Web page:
• Client-Server ConfigurationServer distributes sub-matrices to clientsClients communicate partial solutionsMinimal memory requirements for clients

  • Experimental Results

  • ADI: Previous Works1999, Namiki and Ito the alternating direction implicit (ADI) is used to simulate a 2D TE wave. 2001, Zheng etc. extend to 3D problem2001 & 2003, Lee and ChenADI is used to transmission line modeled power grid

    The alternation is among different geometric directions, so the simulated geometric structure is constrained.

  • Alternating Direction Implicit (ADI)ADI Integration MethodTwo way partition of the circuitOne partition is used for each backward integration Unconditional stable (A-stable: independent of time step size)Time step size according to local truncation error.

  • Alternating Direction Implicit (ADI)

    ADI method formulationCircuit partition algorithmLocal truncation error estimationStability discussionExperimental results

  • SPICE FormulationEquations for RLC circuits

    where C: capacitance matrix L: inductance matrix R: resistance matrix G: conductance matrix E: incidence matrix

  • ADI FormulationTransient simulationSplit the resistors and inductors branches into two parts G = G1 + G2 E = E1 + E2 R = R1 + R2Alternate Backward and Forward integration on each partition

  • ADI Formulation (Cont.)Equations of ADI method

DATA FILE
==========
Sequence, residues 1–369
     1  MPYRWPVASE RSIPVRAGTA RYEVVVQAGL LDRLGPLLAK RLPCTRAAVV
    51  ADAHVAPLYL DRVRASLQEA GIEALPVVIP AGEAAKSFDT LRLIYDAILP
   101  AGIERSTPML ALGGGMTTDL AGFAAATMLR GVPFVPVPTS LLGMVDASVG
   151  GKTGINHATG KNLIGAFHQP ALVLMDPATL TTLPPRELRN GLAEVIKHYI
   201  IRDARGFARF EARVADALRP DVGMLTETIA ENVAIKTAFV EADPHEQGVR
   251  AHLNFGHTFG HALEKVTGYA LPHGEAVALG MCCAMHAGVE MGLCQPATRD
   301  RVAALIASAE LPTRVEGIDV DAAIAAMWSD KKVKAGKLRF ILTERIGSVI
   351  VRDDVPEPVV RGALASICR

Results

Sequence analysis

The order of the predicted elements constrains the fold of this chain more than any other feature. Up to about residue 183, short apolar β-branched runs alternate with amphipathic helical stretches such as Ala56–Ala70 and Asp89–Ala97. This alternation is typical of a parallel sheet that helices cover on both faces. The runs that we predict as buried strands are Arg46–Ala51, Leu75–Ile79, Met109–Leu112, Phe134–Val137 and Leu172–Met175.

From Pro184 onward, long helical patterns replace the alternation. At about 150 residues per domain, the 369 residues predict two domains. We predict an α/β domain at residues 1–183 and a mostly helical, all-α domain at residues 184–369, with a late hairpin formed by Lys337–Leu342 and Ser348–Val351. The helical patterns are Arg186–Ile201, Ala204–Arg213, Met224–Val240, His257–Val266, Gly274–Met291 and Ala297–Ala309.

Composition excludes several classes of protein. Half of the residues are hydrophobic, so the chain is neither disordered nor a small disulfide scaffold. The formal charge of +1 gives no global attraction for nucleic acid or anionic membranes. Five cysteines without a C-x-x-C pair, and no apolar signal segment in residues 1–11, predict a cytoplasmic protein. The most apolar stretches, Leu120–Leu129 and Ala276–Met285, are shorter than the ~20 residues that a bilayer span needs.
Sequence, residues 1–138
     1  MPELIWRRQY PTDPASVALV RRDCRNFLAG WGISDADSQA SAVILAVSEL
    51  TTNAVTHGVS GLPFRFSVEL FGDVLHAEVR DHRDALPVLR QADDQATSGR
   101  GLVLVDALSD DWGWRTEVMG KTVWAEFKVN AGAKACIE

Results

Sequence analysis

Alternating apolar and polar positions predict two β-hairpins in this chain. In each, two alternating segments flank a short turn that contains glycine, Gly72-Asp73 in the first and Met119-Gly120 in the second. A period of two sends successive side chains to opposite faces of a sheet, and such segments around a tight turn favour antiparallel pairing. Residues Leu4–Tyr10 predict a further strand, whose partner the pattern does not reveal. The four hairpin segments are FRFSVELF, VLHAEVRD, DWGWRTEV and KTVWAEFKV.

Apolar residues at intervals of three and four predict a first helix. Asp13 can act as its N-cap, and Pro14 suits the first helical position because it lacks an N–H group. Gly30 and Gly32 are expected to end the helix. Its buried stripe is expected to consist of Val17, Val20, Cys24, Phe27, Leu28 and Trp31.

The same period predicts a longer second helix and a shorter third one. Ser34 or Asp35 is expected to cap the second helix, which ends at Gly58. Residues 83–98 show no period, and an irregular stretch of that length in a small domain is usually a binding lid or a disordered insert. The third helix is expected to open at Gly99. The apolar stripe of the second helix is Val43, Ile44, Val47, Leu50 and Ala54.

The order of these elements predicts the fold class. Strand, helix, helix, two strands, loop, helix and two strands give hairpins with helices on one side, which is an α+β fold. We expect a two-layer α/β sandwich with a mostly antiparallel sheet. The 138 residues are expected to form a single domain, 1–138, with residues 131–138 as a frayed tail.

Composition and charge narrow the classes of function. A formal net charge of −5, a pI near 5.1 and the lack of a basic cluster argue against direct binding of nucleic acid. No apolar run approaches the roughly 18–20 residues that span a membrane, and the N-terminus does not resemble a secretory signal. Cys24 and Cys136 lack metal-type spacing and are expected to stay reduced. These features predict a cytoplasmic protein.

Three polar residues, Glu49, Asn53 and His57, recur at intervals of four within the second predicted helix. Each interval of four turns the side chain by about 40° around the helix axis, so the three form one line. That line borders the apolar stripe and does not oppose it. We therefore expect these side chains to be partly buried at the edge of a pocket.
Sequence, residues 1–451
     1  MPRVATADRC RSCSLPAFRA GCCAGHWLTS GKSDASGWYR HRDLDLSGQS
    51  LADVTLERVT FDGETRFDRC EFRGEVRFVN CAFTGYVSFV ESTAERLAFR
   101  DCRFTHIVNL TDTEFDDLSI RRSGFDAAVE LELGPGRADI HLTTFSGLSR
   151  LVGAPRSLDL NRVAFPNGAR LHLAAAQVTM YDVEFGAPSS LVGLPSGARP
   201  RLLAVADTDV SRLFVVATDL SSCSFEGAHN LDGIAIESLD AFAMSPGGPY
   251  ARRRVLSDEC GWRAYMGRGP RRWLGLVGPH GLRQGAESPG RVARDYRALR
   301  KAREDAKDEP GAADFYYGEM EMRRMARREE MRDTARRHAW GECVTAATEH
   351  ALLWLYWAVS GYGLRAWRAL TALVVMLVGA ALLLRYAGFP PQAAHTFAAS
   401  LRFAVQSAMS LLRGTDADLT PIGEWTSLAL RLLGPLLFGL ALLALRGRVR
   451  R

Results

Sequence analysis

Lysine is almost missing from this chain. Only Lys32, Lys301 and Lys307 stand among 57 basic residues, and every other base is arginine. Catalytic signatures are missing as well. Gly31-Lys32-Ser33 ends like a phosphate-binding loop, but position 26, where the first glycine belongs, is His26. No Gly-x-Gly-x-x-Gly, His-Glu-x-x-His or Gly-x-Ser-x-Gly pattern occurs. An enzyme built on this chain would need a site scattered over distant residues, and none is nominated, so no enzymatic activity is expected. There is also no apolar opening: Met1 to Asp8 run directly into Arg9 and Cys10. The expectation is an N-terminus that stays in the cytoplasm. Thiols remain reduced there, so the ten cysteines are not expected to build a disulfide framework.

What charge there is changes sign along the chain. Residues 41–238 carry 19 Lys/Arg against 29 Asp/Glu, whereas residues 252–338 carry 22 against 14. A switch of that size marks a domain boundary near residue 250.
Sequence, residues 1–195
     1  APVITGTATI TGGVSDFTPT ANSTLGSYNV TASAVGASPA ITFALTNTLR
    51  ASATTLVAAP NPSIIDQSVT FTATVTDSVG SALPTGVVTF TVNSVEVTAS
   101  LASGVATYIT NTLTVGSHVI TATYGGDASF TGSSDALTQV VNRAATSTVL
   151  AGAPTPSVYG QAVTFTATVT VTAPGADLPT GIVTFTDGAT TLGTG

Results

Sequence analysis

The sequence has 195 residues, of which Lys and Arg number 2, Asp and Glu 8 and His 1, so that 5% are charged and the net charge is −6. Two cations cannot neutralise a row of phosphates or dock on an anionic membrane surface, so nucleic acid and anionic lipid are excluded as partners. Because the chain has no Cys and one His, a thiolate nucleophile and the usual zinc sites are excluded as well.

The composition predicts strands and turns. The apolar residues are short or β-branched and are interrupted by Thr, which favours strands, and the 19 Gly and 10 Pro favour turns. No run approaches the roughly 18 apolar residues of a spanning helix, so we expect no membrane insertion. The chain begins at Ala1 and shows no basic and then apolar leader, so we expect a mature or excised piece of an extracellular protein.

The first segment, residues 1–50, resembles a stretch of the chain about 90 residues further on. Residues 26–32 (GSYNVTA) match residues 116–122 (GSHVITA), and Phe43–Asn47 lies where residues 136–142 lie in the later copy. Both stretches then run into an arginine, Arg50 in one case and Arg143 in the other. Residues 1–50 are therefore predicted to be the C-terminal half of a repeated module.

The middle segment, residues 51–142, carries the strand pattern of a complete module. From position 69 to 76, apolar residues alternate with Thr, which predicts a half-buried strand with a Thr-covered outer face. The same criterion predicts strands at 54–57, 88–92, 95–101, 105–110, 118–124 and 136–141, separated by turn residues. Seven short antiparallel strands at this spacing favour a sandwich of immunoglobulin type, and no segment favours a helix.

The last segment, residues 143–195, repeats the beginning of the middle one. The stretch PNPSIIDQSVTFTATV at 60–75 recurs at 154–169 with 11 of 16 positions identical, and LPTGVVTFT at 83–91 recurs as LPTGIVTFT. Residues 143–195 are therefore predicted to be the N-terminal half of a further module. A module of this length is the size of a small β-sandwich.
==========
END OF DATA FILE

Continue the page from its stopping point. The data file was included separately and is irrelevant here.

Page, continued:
the size of left-hand-side matrix remains unchangedthe number of non-zero elements is decreaseddirect solving methods can be efficient

  • Experiments of non-zero fill-insA small ASIC DesignSpice matrix : Dimension: 10,286 The number of non-zero elements: 46,655 The number of non-zero fill-ins: 90,960A large I/O DesignSpice matrix : Dimension: 615,436 The number of non-zero elements: 2,126,246

    Sub-matrix1Sub-matrix2Total # non-zero fill-ins# non-zero elements# non-zero fill-ins# non-zero elements# non-zero fill-insCase 138,5722,61842,02010,04012,658Case 21,176,20812,421,534950,03814,772,06827,193,602

  • Local Truncation Error (LTE)Time step control using LTEIn circuit transient analysis, the next time step can be estimated from the local truncation error at the present time pointLTE is defined as the difference between the calculated solution and the exact solution

    To ensure the consistency, the local truncation error should not exceed the error tolerance, thus the time step can be estimated using

  • Local Truncation Error (Cont.)LTE of ADI method(1) equations

    let , , and

    then

  • Local Truncation Error (Cont.)LTE of ADI method(2) Estimate exact solution we characterize the input as a simple ramp over the interval (tn, tn+1), the exact analytic solution with time step tn:

  • Local Truncation Error (Cont.)LTE of ADI method(3) Estimate ADI solution

  • Local Truncation Error (Cont.)LTE of ADI method(3) Estimate ADI solution

  • Local Truncation Error (Cont.)LTE of ADI method(4) LTE estimation

  • Local Truncation Error (Cont.)LTE of ADI method(5) Time step control

  • Local Truncation Error (Cont.)LTE of ADI method(5) Time step control

  • Stability DiscussionThe stability is concerned with whether the accumulated error grows or decays as time evolves through a series of time steps.One-step integration approximations, the error is accumulated by a factor of